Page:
This weekend marks the first 100 days of the iPhone era and the world, as we know it, will never be the same.
OK, so maybe that's a little dramatic. But it certainly is changing the market, it's dominating many discussions and it's going to be here for a long time ahead. So what have we learned in the first 100 days? We've learned that Apple really does want to control every aspect of its technology, hardware and software, hackers be damned. We've learned that aggressive pricing tactics can bite back. And we've learned that Apple's competitors are more than three months behind -- and counting -- in coming to market with anything competitive to the iPhone.
Despite the feature-rich nature of the iPhone, with multi-touch technology, iPod integration, Web-anywhere features, it's been a lightning rod for criticism for everything from its lack of support for Adobe Flash to a recent software update that turned hacked iPhones into pretty paperweights. Forgetting for a moment the passionate debate over whether the iPhone should be an open device, whether the price cuts were too steep too fast, or whether AT&T is a lousy service provider, here's a 100-day report card that grades various aspects of the device itself after more than three months of use:
Call quality - It works! In three months, used mostly in the New York area but also up and down the East Coast, I experienced only one dropped call. Voices are clear. Visual voice mail works perfectly when the phone is shut off. A Nokia bluetooth headset was a nice addition, but the ear buds with the built-in microphone work well, too. Grade: A.
Web browsing - No Flash support is a drag, but you learn to live without it when you're on the go. Other than that, the iPhone-customized Safari browser is fast and compensates fairly well for a slow EDGE network. It is helped greatly by the multi-touch aspect of the screen -- which will be graded separately -- and bookmarking is easy and convenient. Grade: A minus.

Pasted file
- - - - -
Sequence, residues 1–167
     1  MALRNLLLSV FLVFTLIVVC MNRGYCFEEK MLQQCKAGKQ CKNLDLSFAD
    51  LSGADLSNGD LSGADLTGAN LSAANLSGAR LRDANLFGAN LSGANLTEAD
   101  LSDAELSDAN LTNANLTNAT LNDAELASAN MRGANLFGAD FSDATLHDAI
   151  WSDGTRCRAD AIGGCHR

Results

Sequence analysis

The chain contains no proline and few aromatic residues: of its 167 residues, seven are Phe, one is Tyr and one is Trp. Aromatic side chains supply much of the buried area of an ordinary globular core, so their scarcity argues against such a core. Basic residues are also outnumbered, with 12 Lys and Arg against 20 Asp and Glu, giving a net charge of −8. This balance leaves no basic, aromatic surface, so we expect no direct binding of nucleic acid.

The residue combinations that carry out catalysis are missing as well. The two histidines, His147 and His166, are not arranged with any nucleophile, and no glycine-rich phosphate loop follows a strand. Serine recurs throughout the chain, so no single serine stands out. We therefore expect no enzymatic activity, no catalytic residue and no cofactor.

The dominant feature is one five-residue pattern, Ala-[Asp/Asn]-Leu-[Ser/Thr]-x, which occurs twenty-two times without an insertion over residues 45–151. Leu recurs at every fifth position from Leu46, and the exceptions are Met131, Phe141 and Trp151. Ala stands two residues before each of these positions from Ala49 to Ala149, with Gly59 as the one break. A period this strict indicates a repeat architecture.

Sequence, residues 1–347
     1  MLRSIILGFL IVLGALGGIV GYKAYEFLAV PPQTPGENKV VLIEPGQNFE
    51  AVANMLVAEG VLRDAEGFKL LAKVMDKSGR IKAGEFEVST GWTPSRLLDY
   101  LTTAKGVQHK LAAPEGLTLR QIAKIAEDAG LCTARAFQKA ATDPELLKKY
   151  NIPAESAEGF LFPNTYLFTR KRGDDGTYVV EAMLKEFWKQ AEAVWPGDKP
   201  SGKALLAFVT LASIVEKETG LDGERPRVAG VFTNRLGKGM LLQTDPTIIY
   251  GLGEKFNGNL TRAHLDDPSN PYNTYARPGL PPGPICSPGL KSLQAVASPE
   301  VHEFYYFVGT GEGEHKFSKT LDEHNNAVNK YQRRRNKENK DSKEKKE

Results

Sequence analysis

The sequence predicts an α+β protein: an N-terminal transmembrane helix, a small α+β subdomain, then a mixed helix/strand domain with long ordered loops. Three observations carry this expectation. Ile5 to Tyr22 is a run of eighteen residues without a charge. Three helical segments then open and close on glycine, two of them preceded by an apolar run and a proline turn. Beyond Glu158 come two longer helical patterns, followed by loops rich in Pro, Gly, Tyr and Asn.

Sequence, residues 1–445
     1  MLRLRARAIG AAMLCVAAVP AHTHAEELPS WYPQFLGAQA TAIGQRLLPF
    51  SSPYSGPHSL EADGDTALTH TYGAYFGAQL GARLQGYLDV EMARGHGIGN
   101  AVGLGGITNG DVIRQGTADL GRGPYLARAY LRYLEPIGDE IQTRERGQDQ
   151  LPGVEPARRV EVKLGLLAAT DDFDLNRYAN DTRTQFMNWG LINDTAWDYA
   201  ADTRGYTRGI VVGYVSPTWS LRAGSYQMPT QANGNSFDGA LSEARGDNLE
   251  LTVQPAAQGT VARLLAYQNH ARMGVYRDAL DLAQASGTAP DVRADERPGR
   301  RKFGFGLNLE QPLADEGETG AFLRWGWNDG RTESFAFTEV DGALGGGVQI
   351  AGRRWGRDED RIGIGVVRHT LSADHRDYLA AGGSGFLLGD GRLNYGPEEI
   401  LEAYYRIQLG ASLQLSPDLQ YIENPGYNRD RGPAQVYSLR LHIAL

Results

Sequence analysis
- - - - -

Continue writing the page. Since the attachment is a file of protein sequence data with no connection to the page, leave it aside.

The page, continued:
Keyboard - The more you use it, the more you like it. Here is where Blackberry and Treo users generally turn their noses up at the iPhone, but the simple fact is, the pop-up, touch-screen keyboard is simple. And for those folks who don't know, or like to use, abbreviations for SMS text messaging, the keyboard is perfect for texting complete sentences very, very easily. Grade: A
Email - Very disappointing. Apple sets a very high bar for quality and usability, and in many other aspects of the iPhone it does great. But it slips when it comes to email. Sometimes the "push mail" feature will seem to go to sleep. Or just stop checking for new email. This is easily enough resolved by manually hitting the "Update" button, but if you're waiting for a stock or news alert, for example, sometimes you'll miss it or get it late. It doesn't happen all the time, but it's happened a half-dozen times in three months and that's too often for many people. It should do better. Grade: C+
Business Applications - Apple doesn't support most third-party business applications for the iPhone, at least not natively, so you've got to live with what it provides itself. The notepad application, Google maps, alarm clock and the calendar are fine. They work, and are useful. But it leaves you wanting more, like easier search functionality and voice recording. Grade: B
Entertainment Features Nobody else is even close to what Apple provides with its iPod functionality, both audio and video. But its camera only takes still photos, not video (although the still photos are decent quality and integrate well with Email.) The YouTube button is pretty neat, and works, but it would be nicer if Apple simply integrated Flash with its iPhone Safari browser so you could access it that way. Grade: A minus
Multi-touch If Apple ever decides to put multi-touch functionality into its Macintosh systems, it would have potential to destroy the competition. For now, though, we do get to use it on the iPhone and it's a tremendous feature. It simply changes your approach to accessing information. "Point, click and scroll" becomes just "scroll and touch." Expanding your view to the word, phrase or aspect on which you need to focus is a big help. Grade: A
Reliability and Battery Life It boots quickly and works reliably, so that's refreshing for anyone coming from a Windows world. But on battery life? Eh. The iPhone is capable of getting between eight and 10 hours of battery life, but if you use bluetooth or Wi-Fi a lot, or if you have to make lengthy phone calls, it can cut the battery life down to five or six hours. If you're on the go for an entire day, your schedule might outlast your battery life. That needs to be improved. Grade: B minus
Overall Should the iPhone be graded on a curve, measured against the rest of the smart phones in the market? Should it be graded on its own, since it really is a one-of-a-kind product? After 100 days, it's clear that there's really nothing else like it in the market. There will be knock-offs and copycats, (in some geographies, there already are.) Bottom line: It's a great product, it appears to be worth the hype, but there's certainly room for improvement. Overall Grade: B+
See you next marking period.